The Friends of Dame Laura Knight Society,
Malvern & Colwall Branch

Saturday 22nd October 2016: Women of the West - An illustrated talk by Alison Bevan,      part of The Autumn in Malvern Festival

(click on image(s) to enlarge view)
The afternoon's proceedings were opened by Heather Whatley our Chairperson, who welcomed on our behalf special guest Alison Bevan, Director of Royal West of England Academy.


Below, are a few words of appreciation of the talk, by Gwyn Klee, our Vice Chair and Treasurer.

There was a warm buzz of anticipation in the hall, and a full house, to welcome Alison Bevan to talk on 'Women of the West'.

The first image we saw was an old 1880 photograph of the Brotherhood of Newlyn — not a woman is sight - and perhaps a discreet reference to the theme of the lecture.
Soon after this image was published Stanhope Forbes, with the aid of Caroline Gotch and her husband founded the colony of artists who made up the Newlyn/Lamorna Group. When Elizabeth Armstrong joined, then married, Forbes, her huge talent inspired the group; plein air painting, ordinary working folk sitters — fish gutters and the like - were illustrated by Elizabeth's techniques; etching in the style of Whistler and Sickert, a bold technique of square brush painting and a realistic approach to domestic themes, all brought much criticism but great acclaim. She it was who established the place of women painters, exhibiting and selling more work than her male counterparts, in this rapidly expanding and enlightened approach.
Dod Proctor, arguably the most famous artist of her day, met her husband Ernest at the school founded by the Forbes. She specialised in painting the nude. She became well known and feted after her 'Morning' was bought and exhibited at The Tate. Dod Proctor was a painter brave with the brush and palette and with an outspoken view of the place of women in the world of art.
When the Knights joined this colony Laura was hugely inspired by the vibrancy and energy she found there. Her approach became bolder and larger in every respect and some of her best work was done in the milieu of this bohemian atmosphere where members of the group would help with the transporting of her larger canvasses. The images we were shown were the ones we have become happily familiar with —and they too have become old friends. Laura's painting of the nude Ella Naper has become an iconic image, highly acclaimed, warmly received and most remembered. Ella taught Laura enamelling, the design and production of ceramics; the two women, with their partners, would spend some time in the hut near Dozmary Pool and live in bohemian style, much of it sans clothing.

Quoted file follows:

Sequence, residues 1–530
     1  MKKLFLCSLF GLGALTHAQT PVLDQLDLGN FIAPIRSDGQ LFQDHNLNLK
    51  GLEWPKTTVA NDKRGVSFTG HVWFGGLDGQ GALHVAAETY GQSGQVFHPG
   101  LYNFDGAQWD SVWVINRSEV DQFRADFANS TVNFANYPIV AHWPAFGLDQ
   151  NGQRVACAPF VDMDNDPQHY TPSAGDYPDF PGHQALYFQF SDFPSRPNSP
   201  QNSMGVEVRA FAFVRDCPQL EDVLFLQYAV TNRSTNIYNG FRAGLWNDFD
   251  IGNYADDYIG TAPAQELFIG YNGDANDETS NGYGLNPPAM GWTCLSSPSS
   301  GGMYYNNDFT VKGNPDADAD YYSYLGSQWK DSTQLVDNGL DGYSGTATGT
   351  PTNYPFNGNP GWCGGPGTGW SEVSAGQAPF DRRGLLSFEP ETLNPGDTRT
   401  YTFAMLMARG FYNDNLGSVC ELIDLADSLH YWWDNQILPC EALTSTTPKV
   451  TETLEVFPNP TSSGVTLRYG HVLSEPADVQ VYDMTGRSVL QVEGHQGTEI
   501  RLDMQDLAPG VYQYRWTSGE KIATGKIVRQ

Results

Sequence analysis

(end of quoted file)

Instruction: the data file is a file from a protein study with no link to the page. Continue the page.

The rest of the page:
Alathea Garstin, daughter of Norman, became a central figure in the group, regarded by one critic as England's leading impressionist painter. She and Dod Proctor were great friends, influencing and supporting each other each other though Dod spent her later years painting solitary women.
What followed in Alison's talk was a parade of sedate lesbian couples, all acclaimed in their time as excellent painters — Helene Schjerfbeck, Penlee the only UK holder of her work, Marianne Stokes, considered one of the leading women artists, Penlee have her 'Cornstooks'. With the arrival of Virginia Woolf and Vanessa Bell, bringing with them their attitude to 'open marriage', changing and swapping partners, a wind of change blew through the group bringing with it a nod at 'modernism'. And when Dorothy Larcher and Wilhelmina Graham came along, the latter clearly influenced by Ben Nicholson, her study of 'Rock Form' showing a wider influence of the many painters in that western peninsula, the place of this group in the Pantheon of painters was secure.
The last in this line of luminaries was Rose Hilton who has a current private showing in London. She is still painting in her studio in Newlyn and, in spite of her husband's ban on her picking up a brush while he was alive, her bold abstractions from an exciting palette are keenly sought. Good that the last brush stroke of our picture of the Women of the West was delivered by such a strong voice.
Gwyn Klee - Oct. 2016

It was a full house and a very successful event.  We all are looking forward to many more.
At the end of the talk, Murray Forsyth (our Archivist) gave a vote of thanks, on behalf of our Society.